Methods & Solutions
Structured methods, Web-based tools, and scalable curricula for systems thinking, problem structuring, and creative ideation, conceived and developed with novices and under-resourced teams in mind.
A structured method for addressing ill-defined problems
DIMES-FIRST integrates concepts, methods, and techniques from systems engineering, marketing planning, social sciences, and cognitive psychology. The methodology is divided into ten stages and two phases:
Problem phase - DIMES: Describe; Inquire; Model; Extract; State
Solution phase - FIRST: Formulate; Ideate; Refine; Select; Transform
While it is a streamlined methodology, specific stages of DIMES-FIRST can and have been implemented in a standalone fashion to good effect.
In spring 2022, MIT undergraduate students applied this methodology in my course, Tackling Challenges in Climate and Sustainability with Ways of Thinking: Decarbonizing Ulan Bator.
A structured method for creating meaningful analogies to address design problems
The use of analogies is central to creative ideation in every field. The TCSA (target, criteria, source, analogy) method enables the creation of meaningful analogies that support the generation of creative solutions to design problems.
I taught this method in a workshop for engineering faculty at the 129th American Society for Engineering Education conference in June 2022 in Minneapolis, MN, and at the 9th International Research Symposium on Problem-Based Learning in June 2023 in Boston, MA.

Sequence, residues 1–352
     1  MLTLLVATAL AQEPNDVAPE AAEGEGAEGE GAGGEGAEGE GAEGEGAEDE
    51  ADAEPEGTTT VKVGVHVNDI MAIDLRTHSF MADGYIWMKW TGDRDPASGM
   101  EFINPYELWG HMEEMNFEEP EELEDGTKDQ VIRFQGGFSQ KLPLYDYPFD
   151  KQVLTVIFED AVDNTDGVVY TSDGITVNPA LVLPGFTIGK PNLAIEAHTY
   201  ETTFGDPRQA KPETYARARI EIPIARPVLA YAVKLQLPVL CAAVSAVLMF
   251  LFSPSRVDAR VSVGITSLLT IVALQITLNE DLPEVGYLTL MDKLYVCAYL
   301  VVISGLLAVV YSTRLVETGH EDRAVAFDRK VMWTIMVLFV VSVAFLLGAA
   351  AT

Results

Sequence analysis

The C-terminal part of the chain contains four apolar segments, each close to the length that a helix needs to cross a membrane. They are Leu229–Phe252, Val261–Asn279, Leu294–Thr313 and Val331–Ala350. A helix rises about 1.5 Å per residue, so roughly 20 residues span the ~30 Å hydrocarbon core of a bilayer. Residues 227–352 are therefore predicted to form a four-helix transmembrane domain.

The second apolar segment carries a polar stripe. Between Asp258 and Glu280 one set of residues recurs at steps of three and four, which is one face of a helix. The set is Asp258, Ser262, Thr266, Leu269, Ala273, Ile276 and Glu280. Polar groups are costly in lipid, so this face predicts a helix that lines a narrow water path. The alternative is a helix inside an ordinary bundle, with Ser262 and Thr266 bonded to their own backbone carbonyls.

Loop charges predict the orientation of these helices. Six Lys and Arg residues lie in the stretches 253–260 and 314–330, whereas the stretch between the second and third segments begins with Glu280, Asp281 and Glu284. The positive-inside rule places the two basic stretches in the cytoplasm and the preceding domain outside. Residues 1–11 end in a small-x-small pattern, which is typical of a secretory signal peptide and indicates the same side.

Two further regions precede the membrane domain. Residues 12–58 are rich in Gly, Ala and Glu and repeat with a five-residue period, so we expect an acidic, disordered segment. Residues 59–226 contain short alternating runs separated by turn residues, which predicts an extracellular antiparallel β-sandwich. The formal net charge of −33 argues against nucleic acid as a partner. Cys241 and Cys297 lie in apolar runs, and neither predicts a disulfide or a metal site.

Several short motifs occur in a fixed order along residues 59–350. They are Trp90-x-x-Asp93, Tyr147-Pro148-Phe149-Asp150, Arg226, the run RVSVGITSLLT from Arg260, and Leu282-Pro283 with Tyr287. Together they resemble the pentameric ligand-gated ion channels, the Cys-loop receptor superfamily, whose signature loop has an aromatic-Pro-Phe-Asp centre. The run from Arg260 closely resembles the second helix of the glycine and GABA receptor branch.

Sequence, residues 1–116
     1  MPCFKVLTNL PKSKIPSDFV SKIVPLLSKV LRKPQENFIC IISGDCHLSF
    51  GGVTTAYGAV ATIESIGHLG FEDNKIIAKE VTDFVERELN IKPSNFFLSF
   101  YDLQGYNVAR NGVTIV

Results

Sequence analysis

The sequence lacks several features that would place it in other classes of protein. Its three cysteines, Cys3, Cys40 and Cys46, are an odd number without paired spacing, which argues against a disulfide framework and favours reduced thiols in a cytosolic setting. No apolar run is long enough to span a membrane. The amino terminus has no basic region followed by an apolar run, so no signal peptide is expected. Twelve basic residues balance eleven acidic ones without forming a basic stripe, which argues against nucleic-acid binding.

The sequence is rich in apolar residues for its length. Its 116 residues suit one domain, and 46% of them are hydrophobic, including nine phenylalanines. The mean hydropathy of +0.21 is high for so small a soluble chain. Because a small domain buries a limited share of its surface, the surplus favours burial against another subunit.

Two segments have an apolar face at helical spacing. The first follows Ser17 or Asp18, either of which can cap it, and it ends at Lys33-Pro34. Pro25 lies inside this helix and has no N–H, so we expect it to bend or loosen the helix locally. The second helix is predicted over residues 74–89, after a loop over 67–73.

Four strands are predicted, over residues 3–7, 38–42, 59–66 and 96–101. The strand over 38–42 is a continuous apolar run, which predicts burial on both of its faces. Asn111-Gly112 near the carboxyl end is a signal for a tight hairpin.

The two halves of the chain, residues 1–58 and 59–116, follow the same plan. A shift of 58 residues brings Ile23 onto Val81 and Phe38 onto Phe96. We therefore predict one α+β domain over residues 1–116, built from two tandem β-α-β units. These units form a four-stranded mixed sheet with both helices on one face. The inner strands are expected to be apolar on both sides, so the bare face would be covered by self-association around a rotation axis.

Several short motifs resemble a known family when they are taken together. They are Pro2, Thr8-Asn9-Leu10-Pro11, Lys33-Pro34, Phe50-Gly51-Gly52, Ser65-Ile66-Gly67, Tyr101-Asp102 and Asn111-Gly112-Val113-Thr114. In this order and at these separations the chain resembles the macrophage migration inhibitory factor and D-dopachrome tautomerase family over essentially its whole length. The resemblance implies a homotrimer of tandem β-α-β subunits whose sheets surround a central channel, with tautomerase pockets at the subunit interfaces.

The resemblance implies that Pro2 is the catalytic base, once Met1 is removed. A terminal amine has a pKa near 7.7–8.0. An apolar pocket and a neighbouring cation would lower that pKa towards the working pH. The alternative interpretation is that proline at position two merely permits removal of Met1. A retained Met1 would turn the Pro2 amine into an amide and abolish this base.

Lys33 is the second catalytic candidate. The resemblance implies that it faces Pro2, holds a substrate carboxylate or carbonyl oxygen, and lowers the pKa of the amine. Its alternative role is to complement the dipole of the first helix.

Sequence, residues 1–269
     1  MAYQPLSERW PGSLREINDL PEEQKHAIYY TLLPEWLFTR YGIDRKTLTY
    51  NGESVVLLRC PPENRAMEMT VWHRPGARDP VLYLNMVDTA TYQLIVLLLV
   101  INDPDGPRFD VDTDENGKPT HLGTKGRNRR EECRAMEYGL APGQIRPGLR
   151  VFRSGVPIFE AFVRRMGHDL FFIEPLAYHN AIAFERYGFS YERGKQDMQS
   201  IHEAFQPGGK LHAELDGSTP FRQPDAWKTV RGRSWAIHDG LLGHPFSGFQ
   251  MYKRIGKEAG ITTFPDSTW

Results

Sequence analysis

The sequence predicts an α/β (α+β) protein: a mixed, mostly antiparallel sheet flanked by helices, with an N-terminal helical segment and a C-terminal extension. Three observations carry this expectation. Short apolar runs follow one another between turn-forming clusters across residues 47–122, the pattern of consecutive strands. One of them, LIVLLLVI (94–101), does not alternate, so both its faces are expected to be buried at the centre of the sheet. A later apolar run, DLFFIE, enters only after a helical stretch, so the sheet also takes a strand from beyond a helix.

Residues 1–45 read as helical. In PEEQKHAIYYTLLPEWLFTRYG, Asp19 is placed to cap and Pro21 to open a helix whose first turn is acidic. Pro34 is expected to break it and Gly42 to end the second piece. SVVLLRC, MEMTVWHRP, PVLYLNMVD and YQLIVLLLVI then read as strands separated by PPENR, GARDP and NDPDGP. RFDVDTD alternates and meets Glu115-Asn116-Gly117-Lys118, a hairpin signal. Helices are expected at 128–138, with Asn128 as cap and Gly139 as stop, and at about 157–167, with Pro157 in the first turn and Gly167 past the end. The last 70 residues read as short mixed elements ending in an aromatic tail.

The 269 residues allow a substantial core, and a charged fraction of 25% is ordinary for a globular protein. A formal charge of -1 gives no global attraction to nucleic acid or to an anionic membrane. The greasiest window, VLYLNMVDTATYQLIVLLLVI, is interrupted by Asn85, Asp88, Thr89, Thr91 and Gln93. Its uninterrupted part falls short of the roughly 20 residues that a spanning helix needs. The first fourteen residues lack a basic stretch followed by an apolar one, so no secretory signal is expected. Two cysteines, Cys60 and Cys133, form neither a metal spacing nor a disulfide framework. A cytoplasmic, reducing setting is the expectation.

The TCSA method involves four steps:
Target - Formulate a concise problem statement using the 5W Technique, ensuring clarity and understanding.
Criteria - Identify key usefulness criteria (KUCs) to evaluate and compare ideas for solving the problem.
Source - Find a source problem (SP) that shares relevant KUCs with the target problem, utilizing online sources like YouTube or Wikipedia.
Analogy - Create meaningful analogies between the target and source problems based on the identified KUCs.
Peer-reviewed publications involving TCSA (formerly named PC-SEA):
Lavi, R., Marti, D., & Crawley, E. (2023). Creating analogies for design problem-solving: Initial evaluation of an engineering faculty workshop. Proceedings of the VII IEEE World Engineering Education Conference (EDUNINE2023), Bogotá, Colombia. DOI: 10.1109/EDUNINE57531.2023.10102860.
A peadgogical framework for fostering creative and critical Thinking
Creative and critical thinking with case-based learning (CCT-CBL) is a case-based learning pedagogical framework which aims to foster undergraduate engineering students’ creative and critical thinking. The framework provides scaffolding of the learning process for students using a sequence of case-based learning implementations with varying levels of student autonomy.
Peer-reviewed publications involving CCT-CBL:
Lavi, R., Breslow, L., Salek, M. M., & Crawley, E. F. (2023). Fostering and assessing the systems thinking of first-year undergraduate engineering students using the System Architecture-Function-Purpose framework. International Journal of Engineering Education, 39(1), 176-188. Retrieved from https://link.springer.com/article/10.1007/s10956-022-10017-w
SNAP Video Search
A Web-based tool for sourcing analogies in creative ideation
Creative ideas can be hard to come by, especially when you have been immersed in a problem for a long time. Looking at similar problems and solutions in other domains can give you a fresh perspective on your problem.
I developed a unique tool for facilitating the generation of creative ideas: SNAP Video Search. This tool leverages the creative power of billions of videos on the YouTube platform. Once the user inputs a short description of a problem, the software searches YouTube for short videos containing analogies to the problem and emails the user a pre-selected number of videos with creativity-inducing analogies. These videos can then be used for creative ideation.
SNAP Video search is under GNU Affero General Public License.
SNAP Remote Collab
A Web-based tool for creative ideation